"There's been a good deal of talk in Washington this last week about fig leaves, baloney, and SALT," said Sen. Edward M. Kennedy (D-Mass.), who then gestured at PepsiCo chairman Donald M. Kendall. "Now with Pepsi-Cola here it seems like we're almost opening a delicatessen."

But this was not a joking occasion, as Sen. Kennedy went on to make abundantly clear. This was a time to talk about nuclear holocausts and why the SALT II treaty should be signed. Kennedy and other pro-SALT leaders such as W. Averell Harriman, John Kenneth Galbraith, and former ambassador to the Soviet Union George Kennan gathered under the aegis of the American Committee on East-West Accord at the National Academy of Sciences building last evening.

The purpose of the occasion was to view a 24-minute, $70,000 film the committee has made to combat the "unbalanced point of view" presented in an anti-SALT film made by the American Security Council, according to Jeanne Mattison, who is the new film's producer and the committee's co-director. The committee is challenging 70 TV stations which showed the anti-SALT film to air its film as well, under the Fairness Doctrine.

As those uniquely American forces-special interest groups-rally their arsenals for the battle over signing or rejecting the treaty, one weapon readied by each side is what is called "public education". This consists of films and publications produced by the tax-exempt organization intended to sway the American public to one side or another and thus to influence their senators.

"Sixty-seven senators will decide the fate of this treaty," the film's narrator intones at one point, adding that every citizen is represented by two of them.

"I don't think we doubt the power of the opposition," said Galbraith in his brief speech following Kennedy's. He went on to say that a serious nuclear incident would make "the worst case in Pennsylvania look like a brawl between two Boy Scouts."

Galbraith said the economic interest in the arms race should be fully recognized and honestly acknowledged. He also said there is a "countervailing economic interest in peace. There is both a political and economic interest in survival."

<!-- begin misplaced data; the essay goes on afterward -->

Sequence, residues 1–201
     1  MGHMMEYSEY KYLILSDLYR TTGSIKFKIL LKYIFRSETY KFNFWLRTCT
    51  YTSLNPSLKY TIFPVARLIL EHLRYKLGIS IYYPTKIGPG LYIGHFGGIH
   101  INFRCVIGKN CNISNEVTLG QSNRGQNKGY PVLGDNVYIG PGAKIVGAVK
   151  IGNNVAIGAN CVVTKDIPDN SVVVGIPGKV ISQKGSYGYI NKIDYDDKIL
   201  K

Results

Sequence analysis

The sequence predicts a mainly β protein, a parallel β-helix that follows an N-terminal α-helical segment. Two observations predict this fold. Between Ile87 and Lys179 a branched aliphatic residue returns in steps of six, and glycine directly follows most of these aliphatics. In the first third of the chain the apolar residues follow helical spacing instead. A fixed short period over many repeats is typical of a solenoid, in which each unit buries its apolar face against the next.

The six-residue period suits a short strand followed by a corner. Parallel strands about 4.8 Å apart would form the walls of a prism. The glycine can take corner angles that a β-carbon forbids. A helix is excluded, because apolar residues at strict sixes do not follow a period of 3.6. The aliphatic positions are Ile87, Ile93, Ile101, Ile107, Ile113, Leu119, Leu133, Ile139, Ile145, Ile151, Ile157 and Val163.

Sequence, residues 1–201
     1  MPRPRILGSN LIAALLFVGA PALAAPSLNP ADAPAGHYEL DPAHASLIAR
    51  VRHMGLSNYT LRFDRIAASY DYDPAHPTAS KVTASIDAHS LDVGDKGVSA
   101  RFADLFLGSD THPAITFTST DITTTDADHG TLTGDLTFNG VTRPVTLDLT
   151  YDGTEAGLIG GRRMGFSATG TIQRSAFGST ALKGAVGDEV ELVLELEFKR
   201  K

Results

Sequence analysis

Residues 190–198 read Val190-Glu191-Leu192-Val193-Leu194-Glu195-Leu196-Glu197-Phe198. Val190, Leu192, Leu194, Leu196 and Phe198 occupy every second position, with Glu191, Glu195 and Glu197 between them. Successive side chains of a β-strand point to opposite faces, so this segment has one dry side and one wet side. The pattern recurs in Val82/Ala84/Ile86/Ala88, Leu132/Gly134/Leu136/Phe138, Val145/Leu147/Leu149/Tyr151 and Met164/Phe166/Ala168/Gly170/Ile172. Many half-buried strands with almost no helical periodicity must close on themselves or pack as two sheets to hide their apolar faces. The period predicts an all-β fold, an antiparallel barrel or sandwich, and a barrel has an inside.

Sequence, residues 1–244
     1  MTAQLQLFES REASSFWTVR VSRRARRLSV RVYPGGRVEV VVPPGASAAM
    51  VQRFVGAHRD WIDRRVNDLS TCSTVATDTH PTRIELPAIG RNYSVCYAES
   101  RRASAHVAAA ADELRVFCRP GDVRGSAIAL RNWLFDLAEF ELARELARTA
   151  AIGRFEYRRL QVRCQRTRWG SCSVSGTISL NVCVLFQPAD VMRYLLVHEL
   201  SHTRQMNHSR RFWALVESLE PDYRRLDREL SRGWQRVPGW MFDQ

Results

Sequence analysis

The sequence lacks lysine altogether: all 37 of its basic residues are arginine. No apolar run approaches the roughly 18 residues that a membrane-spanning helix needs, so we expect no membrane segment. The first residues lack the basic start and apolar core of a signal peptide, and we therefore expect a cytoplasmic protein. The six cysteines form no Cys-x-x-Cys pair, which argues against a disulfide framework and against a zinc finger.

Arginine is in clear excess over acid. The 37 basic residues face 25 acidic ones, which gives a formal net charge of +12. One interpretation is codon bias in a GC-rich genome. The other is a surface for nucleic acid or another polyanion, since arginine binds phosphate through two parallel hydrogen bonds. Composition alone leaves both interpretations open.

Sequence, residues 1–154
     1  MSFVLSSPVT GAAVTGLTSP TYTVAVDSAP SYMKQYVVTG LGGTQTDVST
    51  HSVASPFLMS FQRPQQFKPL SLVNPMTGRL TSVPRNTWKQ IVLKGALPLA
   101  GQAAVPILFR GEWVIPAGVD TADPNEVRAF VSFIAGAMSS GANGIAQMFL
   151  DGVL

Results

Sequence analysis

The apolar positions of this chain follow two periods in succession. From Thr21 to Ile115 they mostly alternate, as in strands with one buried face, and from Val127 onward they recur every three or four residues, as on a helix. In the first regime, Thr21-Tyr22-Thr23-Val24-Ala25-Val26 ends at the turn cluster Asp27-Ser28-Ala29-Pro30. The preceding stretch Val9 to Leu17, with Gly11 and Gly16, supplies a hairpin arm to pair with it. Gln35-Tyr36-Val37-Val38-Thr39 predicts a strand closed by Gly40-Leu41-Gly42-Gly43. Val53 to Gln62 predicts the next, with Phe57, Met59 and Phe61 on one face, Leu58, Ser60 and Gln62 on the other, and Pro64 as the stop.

Kennedy said that President Carter "deserves great credit" for the treaty agreement announced this week. "I'm hopeful this film will remind us of the human dimension" of the nuclear arms race, he said.

At hearings this month in Utah, Kennedy said, " . . . we met sheepherders that saw their wives perish and die because of leukemia. To the people of Utah the issues of nuclear confrontation are very real . . . those of us who support this agreement want the issues in this debate decided on a rational level. But I don't think we should remove ourselves from the extraordinary implications of what this treaty means." Kennedy slipped out before the film was over.

PepsiCo chairman Kendall, who warned that failure to sign the treaty as it is would "weaken the hand of those who are for detente," also took the opportunity to criticize the 1974 Jackson-Vanik amendment which linked Soviet trade privileges to a lifting of restrictions on emigration. "To be against human rights is like being against motherhood," Kendall said. "But to try to legislate social change in another country I don't think is really right." PepsiCo sells and bottles its soft drinks in the Soviet Union.

The film's title makes its point of view clear: "Survival or Suicide." It opens with a picture of a missile taking off and a deep voice saying. "This is an ICBM . . . powerful enough to wipe out a city of 10 million."

It goes on to say that both the U.S. and Russia have missiles "aimed at each other" at all times and that they would take only 30 minutes to reach their destinations. It shows graphic footage of victims of the Nagasaki and Hiroshima atomic blasts, contrasted with scenes of American children frolicking on a playground.

"I loved it because it made me resentful ," said Joel Brooke, current president of the Fund For Peace, after the movie.

"I thought it was very good," said Galbraith as he headed for the Great Hall where New Yord champagne was being served. "I admired the skill with which they got every president since Eisenhower in the movie." CAPTION: Picture, Donald Kendall and Jeanne Mattison, by Harry Naltchayan-The Washington Post